November 23 is Henry Moseley’s birthday. Moseley was the English physicist who gave meaning to the atomic number of an element.
Before Moseley’s work, the atomic number was just a placeholder to signify an element’s position on the periodic table. The elements were arranged mostly by atomic weight and their chemical properties. Moseley’s work related the atomic number to the charge contained in the element’s nucleus. This presented a physical property to order the elements. Eventually, it would be found this charge was due to particles called protons. Today, we determine an element by the number of protons in its nucleus.
Moseley began his physics career at an interesting time. His teacher, Ernest Rutherford had just confirmed the existence of the nucleus. Niels Bohr expanded this to show spectral lines of an element could be explained by transitions of energy levels of electrons. The father-son team of William and Lawrence Bragg were scattering electrons and producing x-rays.
Moseley brought all three of these together. He flooded samples of multiple elements with x-rays and recorded the spectrum produced by the interactions between the x-rays and the element’s electrons. He calculated the wavelengths of the x-rays emitted by the irradiated samples using Bragg’s equations. He found the energy of the emitted x-rays depended on the charge of atom’s nucleus. This mathematical relationship between energy and charge is known as Moseley’s Law. He also used this information to predict the existence of element 43, technetium and element 61, promethium which were holes in the periodic table.
When World War I broke out, Moseley left his research position to join the Army. He served as a Royal Engineer when the British invaded Turkey at Gallipoli. A Turkish sniper shot and killed him during the Battle of Gallipoli. He was only 27 years old.
Some have speculated he would have received the 1916 Nobel Prize had he lived. Many believed he would have ended up making significant contributions to physics. Enough people felt this way that the British government changed the rules of enlistment. Promising or prominent young scientists would be exempt from serving in combat duty.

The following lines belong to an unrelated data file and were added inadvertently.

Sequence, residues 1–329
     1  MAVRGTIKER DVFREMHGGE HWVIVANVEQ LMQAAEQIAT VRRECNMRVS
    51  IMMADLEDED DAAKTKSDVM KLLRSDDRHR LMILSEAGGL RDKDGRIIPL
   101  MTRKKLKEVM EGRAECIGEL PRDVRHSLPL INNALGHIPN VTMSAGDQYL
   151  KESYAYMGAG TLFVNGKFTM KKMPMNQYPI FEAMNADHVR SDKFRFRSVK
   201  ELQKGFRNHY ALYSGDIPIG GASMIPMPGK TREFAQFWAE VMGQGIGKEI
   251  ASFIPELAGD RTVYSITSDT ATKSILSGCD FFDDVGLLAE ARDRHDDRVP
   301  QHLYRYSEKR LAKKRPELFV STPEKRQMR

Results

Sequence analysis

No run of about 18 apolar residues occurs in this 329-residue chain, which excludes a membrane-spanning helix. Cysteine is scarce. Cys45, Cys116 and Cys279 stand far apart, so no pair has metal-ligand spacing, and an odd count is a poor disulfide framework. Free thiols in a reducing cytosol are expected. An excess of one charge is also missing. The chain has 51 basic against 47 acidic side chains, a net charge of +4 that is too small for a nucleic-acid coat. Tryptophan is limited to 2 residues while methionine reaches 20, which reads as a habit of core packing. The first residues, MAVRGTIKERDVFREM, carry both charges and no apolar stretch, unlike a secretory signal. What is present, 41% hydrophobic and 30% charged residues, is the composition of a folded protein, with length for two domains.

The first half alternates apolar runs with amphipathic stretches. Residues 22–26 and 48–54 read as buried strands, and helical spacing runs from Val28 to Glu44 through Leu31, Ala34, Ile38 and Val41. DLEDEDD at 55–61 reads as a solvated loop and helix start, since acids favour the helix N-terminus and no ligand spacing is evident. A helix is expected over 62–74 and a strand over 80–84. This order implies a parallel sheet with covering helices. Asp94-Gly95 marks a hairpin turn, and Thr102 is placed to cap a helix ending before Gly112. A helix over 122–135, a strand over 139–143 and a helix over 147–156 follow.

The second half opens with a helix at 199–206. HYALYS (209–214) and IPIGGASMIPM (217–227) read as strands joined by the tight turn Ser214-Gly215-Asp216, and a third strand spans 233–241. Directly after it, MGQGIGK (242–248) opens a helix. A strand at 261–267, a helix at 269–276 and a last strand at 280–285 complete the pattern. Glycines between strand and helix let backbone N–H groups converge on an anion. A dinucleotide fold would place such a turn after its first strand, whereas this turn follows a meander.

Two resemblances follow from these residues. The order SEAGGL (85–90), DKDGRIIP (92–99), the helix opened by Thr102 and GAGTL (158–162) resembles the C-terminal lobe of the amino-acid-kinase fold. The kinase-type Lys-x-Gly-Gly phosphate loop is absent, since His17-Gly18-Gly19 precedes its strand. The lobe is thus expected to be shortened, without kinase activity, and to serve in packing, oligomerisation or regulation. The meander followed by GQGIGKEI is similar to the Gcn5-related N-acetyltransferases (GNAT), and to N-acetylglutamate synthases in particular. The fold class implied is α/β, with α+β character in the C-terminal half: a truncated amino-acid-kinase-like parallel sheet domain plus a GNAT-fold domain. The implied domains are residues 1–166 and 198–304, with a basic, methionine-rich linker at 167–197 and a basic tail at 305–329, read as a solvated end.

Notable Science History Events for November 23
1887 – Henry Gwyn Jeffreys Moseley was born.
1865 – Friedrich Georg Wilhelm von Struve died.
Struve was a German astronomer who was a pioneer in the study of binary stars. He was the second in a five generation series of Struve astronomers. Struve was also one of the first astronomers to measure the parallax of a star.
Astronomers had noted several stars appeared to work in pairs close to each other. As telescopes improved, many of these double stars turned out to be optical illusions. Struve made precise observations of double stars and catalogued 2714 true binary star systems of two stars orbiting each other.
Struve also set up the Struve Geodetic Arc. This project was supposed to generate an accurate measurement of the flattening of the Earth due to its rotation and a measurement of the equator’s radius. A chain of surveying markers was constructed ranging from Hammerfest, Norway to Nekrasivika, Odessa Oblast in Ukraine. The distance between these two points was measured to 2,821.853 km with an error of only ± 12 meters. Struve’s published value for the flattening of the Earth as one part in 294.26 and the equator’s radius at 6,378,360.7 meters. Current satellite data shows a flattening of one part in 298.257 and a 6,378,136.8 meters.
The Struve Geodetic Arc measurement sites are currently part of the UNESCO World Heritage List with markers at the original 256 measuring stations.
1837 – Johannes Diderik van der Waals was born.
Johannes Diderik van der Waals was a Dutch physical chemist who was awarded the 1910 Nobel Prize in Physics for describing a state of matter where the liquid and gas phases merge together continuously. He was the first to postulate an intermolecular force. He also derived a general equation for the ideal gas equation taking into account the attractive forces and volumes of the molecules.
1826 – Johann Elert Bode died.
Bode was a German astronomer who determined the orbit of Uranus. He is also known for his empirical law to determine the distances of the planets from the Sun. To use Bode’s law, start with the sequence 0, 3, 6, 12, 24, etc. where each number after 3 is twice the previous number. Add 4 to each number and divide the result by 10. The resulting first six numbers of the sequence are 0.4, 0.7, 1.0, 1.6, 2.8, 5.2, and 10.0. These values closely approximate the distances in astronomical units of the planets from the Sun.
1221 – Alfonso X was born.
Alphonso X of Castile was a Spanish monarch and astronomer who published planetary tables to chart positions of the planets. The Alphonsine tables served as the standard tables for over 300 years during the Middle Ages.